Stats4Gnats posted:

roothog66 posted: Yeah, but they don't hurt you like a hit. I'd rather my pitcher have a higher walk rate and low OBA than the opposite. With a guy on second, it takes three walks to bring him in, but only one hit.

 There’s very little chance every ball hit will result in the batter reaching base, but with walks it’s a guarantee.

 Over the years, 36% of the 5,446 hits I’ve scored have scored. Over the same period of time, of the 3521 BBs and HBPs I’ve scored, 37% have scored. Seems to me the odds are a lot better in making the batters hit their way on than giving them a free pass.

You just quoted a statistic that shows the results as practically dead even and then say the odds are "a lot better." Of course, I'm also not talking about the average. I'm talking about comparing say, a pitcher who walks 6/9ip but only gives up a .115 OBA vs. a guy who only walks 1/9ip, but allows opponents to hit .380 against him. I'll take the first guy. But, again, not talking about average players either way. I think , for the average, your stat shows that there's little significant difference in the long run, except for (probably) the affect on pitch counts.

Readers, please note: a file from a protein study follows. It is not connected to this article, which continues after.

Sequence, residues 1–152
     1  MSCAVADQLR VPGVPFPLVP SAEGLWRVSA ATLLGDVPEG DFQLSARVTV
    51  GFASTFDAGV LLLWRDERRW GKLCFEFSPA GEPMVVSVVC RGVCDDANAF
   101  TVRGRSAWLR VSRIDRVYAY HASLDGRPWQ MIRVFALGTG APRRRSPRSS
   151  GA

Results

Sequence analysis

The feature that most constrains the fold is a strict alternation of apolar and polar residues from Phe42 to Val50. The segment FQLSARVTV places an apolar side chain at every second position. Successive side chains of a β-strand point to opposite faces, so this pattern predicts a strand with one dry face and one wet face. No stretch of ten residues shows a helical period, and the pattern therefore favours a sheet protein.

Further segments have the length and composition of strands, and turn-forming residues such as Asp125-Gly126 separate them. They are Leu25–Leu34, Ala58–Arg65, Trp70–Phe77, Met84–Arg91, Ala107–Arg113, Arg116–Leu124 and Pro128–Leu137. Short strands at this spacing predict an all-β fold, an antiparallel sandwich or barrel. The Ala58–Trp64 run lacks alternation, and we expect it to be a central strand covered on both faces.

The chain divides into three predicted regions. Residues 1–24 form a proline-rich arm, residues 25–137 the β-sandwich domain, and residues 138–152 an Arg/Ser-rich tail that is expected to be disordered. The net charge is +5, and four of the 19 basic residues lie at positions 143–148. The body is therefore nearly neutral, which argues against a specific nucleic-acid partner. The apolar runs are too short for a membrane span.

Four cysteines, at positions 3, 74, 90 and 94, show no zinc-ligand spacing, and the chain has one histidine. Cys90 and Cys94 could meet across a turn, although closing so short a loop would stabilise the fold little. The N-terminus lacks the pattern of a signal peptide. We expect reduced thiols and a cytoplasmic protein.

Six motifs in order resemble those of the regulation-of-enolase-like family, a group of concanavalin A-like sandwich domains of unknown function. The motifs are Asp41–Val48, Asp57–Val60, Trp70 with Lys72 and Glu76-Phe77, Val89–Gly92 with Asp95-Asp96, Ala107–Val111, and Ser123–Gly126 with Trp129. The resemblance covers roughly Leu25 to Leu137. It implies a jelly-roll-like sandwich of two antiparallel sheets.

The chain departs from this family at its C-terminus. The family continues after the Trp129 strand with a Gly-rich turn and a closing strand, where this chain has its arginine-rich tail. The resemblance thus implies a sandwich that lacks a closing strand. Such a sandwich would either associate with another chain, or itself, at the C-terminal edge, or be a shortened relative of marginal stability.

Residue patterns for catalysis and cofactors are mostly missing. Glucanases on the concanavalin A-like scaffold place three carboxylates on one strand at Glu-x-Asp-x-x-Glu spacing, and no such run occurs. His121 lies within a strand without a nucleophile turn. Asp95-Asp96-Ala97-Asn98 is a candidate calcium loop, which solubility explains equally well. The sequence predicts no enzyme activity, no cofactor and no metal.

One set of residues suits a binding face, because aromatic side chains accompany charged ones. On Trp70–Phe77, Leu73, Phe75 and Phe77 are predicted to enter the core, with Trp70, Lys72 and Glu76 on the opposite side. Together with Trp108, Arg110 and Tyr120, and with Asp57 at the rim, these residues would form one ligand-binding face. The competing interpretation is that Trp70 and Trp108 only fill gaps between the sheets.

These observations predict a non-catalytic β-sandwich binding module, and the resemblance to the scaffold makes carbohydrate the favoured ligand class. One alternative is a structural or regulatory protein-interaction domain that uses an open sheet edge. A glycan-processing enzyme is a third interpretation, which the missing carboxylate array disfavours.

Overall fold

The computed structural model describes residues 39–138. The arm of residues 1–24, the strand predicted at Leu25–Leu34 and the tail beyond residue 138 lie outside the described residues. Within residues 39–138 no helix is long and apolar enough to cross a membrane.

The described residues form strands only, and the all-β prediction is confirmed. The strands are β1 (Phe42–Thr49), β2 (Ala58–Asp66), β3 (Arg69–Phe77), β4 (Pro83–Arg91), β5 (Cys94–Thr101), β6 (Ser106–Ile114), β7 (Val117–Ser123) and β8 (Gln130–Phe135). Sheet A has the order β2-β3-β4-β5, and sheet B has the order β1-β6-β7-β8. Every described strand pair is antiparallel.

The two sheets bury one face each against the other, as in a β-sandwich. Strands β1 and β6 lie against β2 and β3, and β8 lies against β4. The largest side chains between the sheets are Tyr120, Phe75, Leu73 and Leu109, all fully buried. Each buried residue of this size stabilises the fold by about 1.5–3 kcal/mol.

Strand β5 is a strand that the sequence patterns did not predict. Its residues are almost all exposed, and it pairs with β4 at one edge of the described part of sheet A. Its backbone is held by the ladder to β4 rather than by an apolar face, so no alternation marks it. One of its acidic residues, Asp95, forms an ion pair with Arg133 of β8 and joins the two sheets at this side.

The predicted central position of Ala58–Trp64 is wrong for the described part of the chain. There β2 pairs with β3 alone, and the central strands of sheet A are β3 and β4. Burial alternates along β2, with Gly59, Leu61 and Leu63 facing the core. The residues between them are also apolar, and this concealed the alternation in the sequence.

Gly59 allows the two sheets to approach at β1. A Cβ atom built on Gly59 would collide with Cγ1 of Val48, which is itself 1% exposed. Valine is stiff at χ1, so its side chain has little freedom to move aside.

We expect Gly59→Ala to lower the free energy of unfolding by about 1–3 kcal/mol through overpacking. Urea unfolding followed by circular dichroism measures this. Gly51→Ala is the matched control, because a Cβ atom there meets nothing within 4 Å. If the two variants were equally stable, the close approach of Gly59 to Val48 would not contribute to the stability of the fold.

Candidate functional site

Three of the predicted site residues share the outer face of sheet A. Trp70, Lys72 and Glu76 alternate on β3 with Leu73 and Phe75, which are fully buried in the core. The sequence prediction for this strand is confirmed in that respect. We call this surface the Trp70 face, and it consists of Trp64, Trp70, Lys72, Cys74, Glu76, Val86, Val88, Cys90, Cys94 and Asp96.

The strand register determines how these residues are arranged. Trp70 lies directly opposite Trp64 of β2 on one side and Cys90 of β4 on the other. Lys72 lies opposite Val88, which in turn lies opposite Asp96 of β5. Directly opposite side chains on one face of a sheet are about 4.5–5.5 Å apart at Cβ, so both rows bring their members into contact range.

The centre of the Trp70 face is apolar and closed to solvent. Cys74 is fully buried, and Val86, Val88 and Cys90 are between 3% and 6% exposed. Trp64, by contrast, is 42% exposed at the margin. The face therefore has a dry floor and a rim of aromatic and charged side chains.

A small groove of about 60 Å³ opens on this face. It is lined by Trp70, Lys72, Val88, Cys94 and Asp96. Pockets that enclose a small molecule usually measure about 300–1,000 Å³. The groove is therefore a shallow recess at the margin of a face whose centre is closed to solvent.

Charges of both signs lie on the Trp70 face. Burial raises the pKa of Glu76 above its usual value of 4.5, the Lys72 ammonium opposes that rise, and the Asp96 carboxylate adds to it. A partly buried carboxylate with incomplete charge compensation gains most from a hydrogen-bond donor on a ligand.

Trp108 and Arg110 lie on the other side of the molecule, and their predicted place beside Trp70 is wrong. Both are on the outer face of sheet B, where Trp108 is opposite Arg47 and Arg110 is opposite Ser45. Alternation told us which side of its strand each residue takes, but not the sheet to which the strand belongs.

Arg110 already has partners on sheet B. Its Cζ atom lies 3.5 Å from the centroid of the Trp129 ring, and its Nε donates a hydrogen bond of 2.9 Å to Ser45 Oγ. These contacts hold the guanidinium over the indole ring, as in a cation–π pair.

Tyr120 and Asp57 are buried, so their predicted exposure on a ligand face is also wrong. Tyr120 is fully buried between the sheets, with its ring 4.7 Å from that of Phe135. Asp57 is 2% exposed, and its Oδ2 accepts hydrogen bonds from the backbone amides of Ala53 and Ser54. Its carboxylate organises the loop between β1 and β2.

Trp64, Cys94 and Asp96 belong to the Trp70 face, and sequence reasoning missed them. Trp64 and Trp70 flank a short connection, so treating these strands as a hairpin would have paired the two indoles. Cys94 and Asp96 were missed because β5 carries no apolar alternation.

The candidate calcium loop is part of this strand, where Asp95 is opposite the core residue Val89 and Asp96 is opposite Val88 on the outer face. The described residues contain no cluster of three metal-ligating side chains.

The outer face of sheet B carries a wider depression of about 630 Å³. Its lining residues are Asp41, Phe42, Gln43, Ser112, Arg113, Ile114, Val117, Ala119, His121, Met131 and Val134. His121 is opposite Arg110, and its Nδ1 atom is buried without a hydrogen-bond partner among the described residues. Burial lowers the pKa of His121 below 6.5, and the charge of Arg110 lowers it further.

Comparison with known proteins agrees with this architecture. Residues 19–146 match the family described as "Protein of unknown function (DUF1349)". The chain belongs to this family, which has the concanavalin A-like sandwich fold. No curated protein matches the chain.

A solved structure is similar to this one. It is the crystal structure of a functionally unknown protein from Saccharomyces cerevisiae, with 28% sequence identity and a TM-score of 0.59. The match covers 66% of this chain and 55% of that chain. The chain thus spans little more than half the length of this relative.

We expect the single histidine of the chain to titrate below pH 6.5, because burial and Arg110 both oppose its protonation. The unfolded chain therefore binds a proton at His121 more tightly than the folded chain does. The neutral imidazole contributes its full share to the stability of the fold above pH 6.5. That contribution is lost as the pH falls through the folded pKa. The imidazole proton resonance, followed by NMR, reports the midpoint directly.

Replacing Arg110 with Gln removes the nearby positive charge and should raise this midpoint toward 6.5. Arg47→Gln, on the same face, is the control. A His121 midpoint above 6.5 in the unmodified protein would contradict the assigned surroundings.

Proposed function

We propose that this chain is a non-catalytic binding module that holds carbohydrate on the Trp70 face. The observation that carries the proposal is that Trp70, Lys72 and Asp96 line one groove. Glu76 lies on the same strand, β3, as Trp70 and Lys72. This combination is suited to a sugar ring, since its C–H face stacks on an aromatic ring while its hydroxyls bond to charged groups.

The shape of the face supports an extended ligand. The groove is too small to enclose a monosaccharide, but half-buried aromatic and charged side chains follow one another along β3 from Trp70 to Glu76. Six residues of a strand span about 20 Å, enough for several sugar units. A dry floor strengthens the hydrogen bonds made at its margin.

My son has struggled at the plate this year.  I've struggled with where to have him in the line up and here is why.

PA-23, AB-11, AVG-.182, OBP-.609 H-2, RBI-4, R-7, BB-10, HBP-2, SO-6, K-L-5, SB-7.

So the obvious, like I said he is struggling making contact with the ball.  I have had him back and forth from the 2 spot to the 9 spot as a "second lead-off" man, mainly because up until last week he had a .900+ OBP. But here is what I can tell you just from his stats.  First, he is patient at the plate and hes scored more than 3 times the amount he has gotten hits.  However, you can see that out of 6 SO, 5 were looking.  So I think that is an indicator that if someone is too patient at the plate it can begin to make them look at strikes too close to the zone.  Now, what I have told him is that he needs to change one thing...expand his zone with 2 strikes.  If it were not for the 5 K-L out of 6 SO I would say he's a great patient batter, but that stat indicates that he is looking to walk.  There comes a time to be aggressive and there comes a time to be patient...2 strikes is not a time to be patient.